Atherosclerosis begins during adolescence in otherwise healthy individuals; it develops earlier in type 2 diabetic patients and frequently is the leading cause of premature mortality. Whereas there is now highly persuasive evidence that glycemic control reduces the the risk of microvascular complications in type 1 diabetes, and probabily in type 2 diabetes as well, such evidence is unavailable for macrovascular complications. There is a close linkage bettween rapidly developing atherosclerosis in diabetic patients and endothelial dysfunction and insulin resistance in diabetes mellitus [13]. Endothelial dysfunction appears to predate the development of diabetic angiopathy and play a key role in the pathogenesis of diabetic angiopathy in man. Insulin resistance, oxidative stress, and inflammation all play a key role and participate in the development of endothelial dysfunction [47]. Much evidence support the presence of insulin resistance as the fundamental pathophysiologic disturbance for the clauster of metabolic and cardiovascular disorders, known as the metabolic syndrome. Oxidative stress is believed to play a role in diabetic-induced vascular complication [810]. Chronic exposure to increased levels of hydroxyl radicals in vivo likely plays a significant role in the origine of diabetes-associated endothelial dysfunction. Diabetic endothelium produce increase in both superoxide anion radicals and hydrogen peroxide leading to enhanced intracellular production of hydroxyl radicals that could be implicated in diabetes-induced endothelial dysfunction. Chronic treatment with a known hydroxyl radical scavenger, dimethylthiourea, could prevent endothelial dysfunction in diabetes. Other indicators for the oxidative stress in diabetes the elevated levels of advanced glycation end products (AGE) that rise in parallel with the severity and complications of the disease [11, 12], as we can demonstrate this during the elevation of HbA1c in diabetes [13]. We have previously shown that in other clinical situations known to be associated with endothelial dysfunction and accelerated atherosclerosis such as uremia, hypertension and type 2 diabetes, PMN are primed, contributing to OS and inflammation [1416]. PMNLs from diabetic patients demonstrated defects in LPS-induced apoptosis. High-glucose environment may mediate these findings. The inability of diabetic neutrophils to reduce apoptosis following LPS exposure resulted in relatively increased apoptosis. This would cause decreased functional longevity of neutrophils and increased neutrophil clearance from infectious sites, possibly contributing to the increased susceptibility and severity of infections in diabetic patients [17]. Other inflammatory markers found in diabetes as elevated levels of sCD14 [18], fibrinogen and CRP that shown a significant correlation with PMNLs [19, 20]. Monocytes are the principal inflammatory cells associated with the plaque formation, adherence of monocytes to the arterial wall is an early event in the development of atherosclerotic lesions. In uncontrolled diabetes with elevated HbA1c as in hyperglycemia in vitro, the peripheral blood monocytes are preferentially recruited to the intima early in the development of atheroma, they adhere to endothelium, migrate to the subendothelial space, and trasformed into lipid-lader foamy macrophages [2125]. High doses of vitamin E (800 IU/day) can decrease the recruitment of monocytes to endothelim and cause decrement in oxidized LDL and the level of various plasma interleukines [22, 24]. Therefore any drug that can decrease the activation of PMNLs or the monocytes, oxidative stress and inflammation should be preferable and better than drugs that treat only the hyperglycemia. Thus, in the present study we compare PMNL priming parameters in diabetic patients, treated daily with metformin for two months to those treated with rosiglitazone.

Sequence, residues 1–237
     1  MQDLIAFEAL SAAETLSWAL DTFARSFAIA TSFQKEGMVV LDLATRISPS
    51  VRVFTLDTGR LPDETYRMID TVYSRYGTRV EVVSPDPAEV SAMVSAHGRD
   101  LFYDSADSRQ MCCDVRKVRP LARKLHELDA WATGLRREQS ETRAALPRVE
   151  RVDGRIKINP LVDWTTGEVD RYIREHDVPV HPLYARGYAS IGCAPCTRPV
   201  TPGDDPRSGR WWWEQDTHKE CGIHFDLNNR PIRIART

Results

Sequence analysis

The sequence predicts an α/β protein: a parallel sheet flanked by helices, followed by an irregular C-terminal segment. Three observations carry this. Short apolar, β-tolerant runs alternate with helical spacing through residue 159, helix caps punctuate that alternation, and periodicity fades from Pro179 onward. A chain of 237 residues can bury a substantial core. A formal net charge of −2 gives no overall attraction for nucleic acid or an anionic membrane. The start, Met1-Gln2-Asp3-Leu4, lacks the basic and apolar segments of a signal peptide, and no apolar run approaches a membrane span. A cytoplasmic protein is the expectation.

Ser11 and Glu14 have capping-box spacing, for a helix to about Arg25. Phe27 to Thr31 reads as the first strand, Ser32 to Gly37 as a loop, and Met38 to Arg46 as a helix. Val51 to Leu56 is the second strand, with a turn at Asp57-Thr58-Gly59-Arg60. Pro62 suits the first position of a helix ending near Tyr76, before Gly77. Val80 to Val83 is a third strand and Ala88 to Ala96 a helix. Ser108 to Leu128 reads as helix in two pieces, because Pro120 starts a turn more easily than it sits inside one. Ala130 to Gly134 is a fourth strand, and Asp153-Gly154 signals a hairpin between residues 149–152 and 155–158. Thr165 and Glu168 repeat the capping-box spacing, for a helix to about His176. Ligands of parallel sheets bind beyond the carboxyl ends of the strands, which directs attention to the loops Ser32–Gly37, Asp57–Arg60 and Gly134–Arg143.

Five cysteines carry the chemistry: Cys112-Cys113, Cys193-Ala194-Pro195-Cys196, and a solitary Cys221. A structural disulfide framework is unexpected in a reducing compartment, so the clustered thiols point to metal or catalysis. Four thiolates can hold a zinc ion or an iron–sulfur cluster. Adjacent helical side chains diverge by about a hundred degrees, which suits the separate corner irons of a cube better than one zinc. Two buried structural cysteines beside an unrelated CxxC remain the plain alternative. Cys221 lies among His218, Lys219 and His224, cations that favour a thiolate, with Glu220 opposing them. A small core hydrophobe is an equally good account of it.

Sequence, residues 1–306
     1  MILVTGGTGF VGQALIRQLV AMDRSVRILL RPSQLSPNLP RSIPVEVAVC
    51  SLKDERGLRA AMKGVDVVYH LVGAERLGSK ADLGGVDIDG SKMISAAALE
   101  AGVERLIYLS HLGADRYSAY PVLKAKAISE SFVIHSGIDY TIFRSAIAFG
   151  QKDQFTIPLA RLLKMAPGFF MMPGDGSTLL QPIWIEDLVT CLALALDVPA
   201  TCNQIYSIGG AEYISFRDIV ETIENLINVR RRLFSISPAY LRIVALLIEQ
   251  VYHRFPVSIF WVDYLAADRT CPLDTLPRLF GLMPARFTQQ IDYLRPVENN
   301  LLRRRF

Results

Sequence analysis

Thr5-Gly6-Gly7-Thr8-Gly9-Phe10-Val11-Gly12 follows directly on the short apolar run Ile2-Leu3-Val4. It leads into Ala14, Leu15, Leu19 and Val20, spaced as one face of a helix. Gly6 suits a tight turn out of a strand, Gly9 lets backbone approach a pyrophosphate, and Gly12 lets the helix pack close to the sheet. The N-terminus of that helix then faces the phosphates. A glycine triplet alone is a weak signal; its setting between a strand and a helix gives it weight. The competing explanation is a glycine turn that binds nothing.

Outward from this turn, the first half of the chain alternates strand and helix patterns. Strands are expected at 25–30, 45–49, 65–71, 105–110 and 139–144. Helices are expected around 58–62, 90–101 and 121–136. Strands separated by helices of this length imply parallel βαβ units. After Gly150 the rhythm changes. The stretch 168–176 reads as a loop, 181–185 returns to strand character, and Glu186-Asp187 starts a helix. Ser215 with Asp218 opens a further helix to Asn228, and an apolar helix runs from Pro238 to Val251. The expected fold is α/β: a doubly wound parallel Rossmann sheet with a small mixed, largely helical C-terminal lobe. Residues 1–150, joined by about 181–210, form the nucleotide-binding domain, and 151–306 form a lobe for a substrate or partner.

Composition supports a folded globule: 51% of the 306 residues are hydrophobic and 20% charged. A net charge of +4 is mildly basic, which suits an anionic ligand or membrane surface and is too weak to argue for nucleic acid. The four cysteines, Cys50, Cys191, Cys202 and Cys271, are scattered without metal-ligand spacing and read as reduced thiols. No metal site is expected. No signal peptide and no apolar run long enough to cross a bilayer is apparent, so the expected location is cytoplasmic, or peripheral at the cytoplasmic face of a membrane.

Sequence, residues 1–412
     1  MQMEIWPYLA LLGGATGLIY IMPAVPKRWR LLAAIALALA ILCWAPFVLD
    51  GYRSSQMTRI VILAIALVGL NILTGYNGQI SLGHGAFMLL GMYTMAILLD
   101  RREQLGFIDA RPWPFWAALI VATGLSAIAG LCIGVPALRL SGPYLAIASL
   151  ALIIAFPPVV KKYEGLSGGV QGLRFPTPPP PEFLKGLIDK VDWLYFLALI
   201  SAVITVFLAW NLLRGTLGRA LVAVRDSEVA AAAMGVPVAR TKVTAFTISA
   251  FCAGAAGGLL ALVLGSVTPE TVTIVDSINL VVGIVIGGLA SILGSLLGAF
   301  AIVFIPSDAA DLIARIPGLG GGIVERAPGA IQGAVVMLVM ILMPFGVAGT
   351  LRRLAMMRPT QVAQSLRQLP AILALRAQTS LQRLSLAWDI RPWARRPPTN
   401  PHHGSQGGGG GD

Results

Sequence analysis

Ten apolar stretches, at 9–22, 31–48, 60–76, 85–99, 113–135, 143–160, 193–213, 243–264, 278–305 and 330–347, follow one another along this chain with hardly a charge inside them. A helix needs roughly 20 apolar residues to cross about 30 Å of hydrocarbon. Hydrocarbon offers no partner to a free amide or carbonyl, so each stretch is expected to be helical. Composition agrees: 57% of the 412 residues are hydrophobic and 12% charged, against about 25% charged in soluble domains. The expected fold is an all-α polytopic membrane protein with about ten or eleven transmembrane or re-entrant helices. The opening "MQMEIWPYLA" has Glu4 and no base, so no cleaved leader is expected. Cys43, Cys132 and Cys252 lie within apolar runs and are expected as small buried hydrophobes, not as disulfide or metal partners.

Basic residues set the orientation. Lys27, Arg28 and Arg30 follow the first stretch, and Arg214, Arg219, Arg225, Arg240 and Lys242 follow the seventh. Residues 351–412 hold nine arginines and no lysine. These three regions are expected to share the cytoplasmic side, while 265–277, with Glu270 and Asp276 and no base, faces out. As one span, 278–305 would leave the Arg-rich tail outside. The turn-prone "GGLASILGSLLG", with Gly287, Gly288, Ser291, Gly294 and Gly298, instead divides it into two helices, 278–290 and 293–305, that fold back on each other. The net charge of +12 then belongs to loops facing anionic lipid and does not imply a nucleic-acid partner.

Research design and methods